The structure known as the prefrontal cortex sits, not surprisingly, at the front part of the brain.
It is especially well developed in humans and probably has contributed to our species becoming the most successful on the planet (depending on how you measure such things I suppose!).
It allows you to read social situations and know how to respond. It helps you stop acting on impulse and engaging in harmful and unwise behaviours. It also is critical for problem solving and organising yourself.
When it comes to memory, the prefrontal cortex also plays a crucial role.
First, it is the part of the brain that allows you to hold things in mind.
Without this so-called working memory, conversations would be very difficult as you would not remember what is being said to you in the moment to be able to formulate a response.
Let’s say you are with a garrulous friend who is telling you about three or four things in a bit of a rambling monologue. Working memory allows you to hold in mind all these different things so that you can talk about them (assuming you get a chance to respond!).
The prefrontal cortex also underpins your ability to retrieve long-term memories. These are memories that are already stored in circuitry in your brain. They have been encoded and laid down, and just need to be retrieved to be brought to mind.
Problems in this area are distinct from those where the initial laying down and storage of the memory is impaired. This latter situation means that there may be nothing there to retrieve in the first place and is a hallmark feature of Alzheimer’s disease.
Poor retrieval means it is harder to recall things, especially when under pressure, but they often come with time, especially if you are given a hint.
Tip of the tongue moments are an example of this. After the relevant moment is gone, the word then commonly appears in your mind.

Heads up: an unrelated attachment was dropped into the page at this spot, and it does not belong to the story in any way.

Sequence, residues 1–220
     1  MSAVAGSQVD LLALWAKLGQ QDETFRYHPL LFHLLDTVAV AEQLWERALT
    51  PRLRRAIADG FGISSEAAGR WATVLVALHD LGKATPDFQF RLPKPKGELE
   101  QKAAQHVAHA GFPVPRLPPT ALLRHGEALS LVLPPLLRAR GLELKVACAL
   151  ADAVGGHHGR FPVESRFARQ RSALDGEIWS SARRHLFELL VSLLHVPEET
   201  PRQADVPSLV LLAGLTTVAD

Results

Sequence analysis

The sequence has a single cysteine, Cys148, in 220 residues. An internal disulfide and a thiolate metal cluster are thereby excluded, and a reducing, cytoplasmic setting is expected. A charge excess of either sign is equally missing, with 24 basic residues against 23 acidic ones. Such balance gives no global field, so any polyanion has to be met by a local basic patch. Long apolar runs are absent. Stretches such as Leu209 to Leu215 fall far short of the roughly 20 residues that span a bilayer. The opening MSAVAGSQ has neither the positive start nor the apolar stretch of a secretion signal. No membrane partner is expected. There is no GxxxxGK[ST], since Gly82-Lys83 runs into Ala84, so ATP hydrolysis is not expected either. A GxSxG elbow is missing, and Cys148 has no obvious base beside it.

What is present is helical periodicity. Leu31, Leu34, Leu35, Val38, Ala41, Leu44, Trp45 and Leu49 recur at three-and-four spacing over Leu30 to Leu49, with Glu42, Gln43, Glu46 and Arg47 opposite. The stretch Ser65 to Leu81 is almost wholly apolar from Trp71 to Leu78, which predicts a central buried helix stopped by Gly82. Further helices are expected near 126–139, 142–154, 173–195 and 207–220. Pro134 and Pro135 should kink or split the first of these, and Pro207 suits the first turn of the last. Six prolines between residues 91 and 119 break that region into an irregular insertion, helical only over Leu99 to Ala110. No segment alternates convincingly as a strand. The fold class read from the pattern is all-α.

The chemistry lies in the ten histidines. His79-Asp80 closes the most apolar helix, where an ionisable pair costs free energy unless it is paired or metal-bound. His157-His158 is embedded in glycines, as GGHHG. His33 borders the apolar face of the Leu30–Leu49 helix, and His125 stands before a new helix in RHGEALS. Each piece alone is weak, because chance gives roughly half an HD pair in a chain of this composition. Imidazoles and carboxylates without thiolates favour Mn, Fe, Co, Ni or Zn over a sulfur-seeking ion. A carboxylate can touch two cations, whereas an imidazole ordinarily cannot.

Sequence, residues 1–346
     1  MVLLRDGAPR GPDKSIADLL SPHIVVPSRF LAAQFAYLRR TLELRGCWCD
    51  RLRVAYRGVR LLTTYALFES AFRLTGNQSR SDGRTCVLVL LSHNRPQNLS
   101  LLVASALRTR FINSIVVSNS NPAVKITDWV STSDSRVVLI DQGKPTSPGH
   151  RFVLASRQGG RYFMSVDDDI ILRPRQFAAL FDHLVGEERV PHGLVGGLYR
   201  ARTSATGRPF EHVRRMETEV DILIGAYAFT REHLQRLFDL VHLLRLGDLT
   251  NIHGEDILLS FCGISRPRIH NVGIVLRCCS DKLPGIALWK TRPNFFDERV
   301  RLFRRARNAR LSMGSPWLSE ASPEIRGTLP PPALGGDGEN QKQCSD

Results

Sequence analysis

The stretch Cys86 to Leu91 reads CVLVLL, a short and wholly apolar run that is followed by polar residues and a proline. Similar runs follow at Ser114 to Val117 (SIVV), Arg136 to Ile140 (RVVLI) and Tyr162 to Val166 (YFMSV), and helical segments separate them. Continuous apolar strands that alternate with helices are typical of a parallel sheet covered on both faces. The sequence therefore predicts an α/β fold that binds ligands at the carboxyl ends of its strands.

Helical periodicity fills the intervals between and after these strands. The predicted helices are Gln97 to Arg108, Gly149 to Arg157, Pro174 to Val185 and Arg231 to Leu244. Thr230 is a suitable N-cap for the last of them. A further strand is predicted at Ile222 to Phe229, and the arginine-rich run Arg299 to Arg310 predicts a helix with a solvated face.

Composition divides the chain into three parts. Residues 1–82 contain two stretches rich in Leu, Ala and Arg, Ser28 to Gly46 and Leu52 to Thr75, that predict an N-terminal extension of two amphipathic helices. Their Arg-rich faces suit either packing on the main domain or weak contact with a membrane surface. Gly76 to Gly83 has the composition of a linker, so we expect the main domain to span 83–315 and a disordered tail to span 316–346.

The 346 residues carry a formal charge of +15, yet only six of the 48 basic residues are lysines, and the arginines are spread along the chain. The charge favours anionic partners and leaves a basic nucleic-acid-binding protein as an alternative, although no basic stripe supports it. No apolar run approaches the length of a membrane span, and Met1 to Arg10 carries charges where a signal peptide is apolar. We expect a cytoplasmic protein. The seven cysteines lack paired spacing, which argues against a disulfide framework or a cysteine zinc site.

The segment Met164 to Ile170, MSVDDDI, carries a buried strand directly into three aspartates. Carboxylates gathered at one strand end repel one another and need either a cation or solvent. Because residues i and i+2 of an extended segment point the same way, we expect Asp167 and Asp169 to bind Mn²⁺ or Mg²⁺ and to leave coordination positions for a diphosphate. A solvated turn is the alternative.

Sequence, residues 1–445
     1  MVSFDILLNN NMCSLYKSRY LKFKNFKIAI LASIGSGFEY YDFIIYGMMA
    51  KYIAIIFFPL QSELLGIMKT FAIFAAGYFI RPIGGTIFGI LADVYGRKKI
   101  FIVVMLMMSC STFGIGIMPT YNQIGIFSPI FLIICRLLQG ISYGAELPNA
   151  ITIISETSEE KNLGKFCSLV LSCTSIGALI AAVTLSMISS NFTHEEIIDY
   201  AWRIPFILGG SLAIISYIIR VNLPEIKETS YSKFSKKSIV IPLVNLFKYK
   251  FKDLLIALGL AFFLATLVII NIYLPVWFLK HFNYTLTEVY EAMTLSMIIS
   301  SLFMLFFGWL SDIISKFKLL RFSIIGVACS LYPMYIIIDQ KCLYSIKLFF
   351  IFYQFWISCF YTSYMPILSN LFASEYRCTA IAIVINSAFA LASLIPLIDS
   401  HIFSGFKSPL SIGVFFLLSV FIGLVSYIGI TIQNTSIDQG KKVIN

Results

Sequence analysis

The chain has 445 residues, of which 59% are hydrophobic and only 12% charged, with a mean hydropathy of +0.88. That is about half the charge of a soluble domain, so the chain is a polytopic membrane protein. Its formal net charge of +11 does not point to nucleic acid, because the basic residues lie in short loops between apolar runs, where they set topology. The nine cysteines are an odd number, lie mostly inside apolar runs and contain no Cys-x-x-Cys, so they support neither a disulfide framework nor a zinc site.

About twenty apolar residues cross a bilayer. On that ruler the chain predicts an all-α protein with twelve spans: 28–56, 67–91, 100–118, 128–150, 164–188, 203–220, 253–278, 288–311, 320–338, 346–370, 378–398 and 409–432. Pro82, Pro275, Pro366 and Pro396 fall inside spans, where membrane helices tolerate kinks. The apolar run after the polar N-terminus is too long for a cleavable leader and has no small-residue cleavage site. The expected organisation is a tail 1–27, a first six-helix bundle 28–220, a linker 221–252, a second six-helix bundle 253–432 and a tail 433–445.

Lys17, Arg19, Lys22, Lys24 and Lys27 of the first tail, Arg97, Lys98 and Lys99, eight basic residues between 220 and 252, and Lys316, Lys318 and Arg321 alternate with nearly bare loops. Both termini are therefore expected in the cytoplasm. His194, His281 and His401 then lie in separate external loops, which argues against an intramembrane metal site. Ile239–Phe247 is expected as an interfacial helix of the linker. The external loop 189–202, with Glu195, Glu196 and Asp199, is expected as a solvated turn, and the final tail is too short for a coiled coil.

There are many things that affect the function of the prefrontal cortex.
Getting older unfortunately does naturally lead to a reduction in its efficiency, and conditions that cause dementia can affect it, but there are also very much reversible “insults” that can impair its ability.
These include acute and chronic stress and depression, poor sleep and overuse of alcohol and other sedative drugs. With help, these problems can often be overcome.
Meditation and mindfulness may be especially helpful for some, and long-term meditators have been shown in studies to have better prefrontal cortex function.
Exercise, one of my favourite interventions for brain health, can also be very beneficial – improving blood flow, oxygenation, and nutrient supply.
Then there is engaging in activities that use the prefrontal cortex.
Research exists that suggests that there may be benefits using certain computer games and apps (though this is not without controversy).
Everyday tasks such as cooking also provide a great workout for this part of your brain.
Socialising – the tos and fros of conversation – is also a helpful tool that has a lot of other benefits.
So, don’t forget this important part of your brain and do your best to optimise its function. In short, be up-front!
Kailas Roberts is a psychogeriatrician and author of Mind your brain The Essential Australian Guide to Dementia now available at all good bookstores and online. Visit yourbraininmind.com or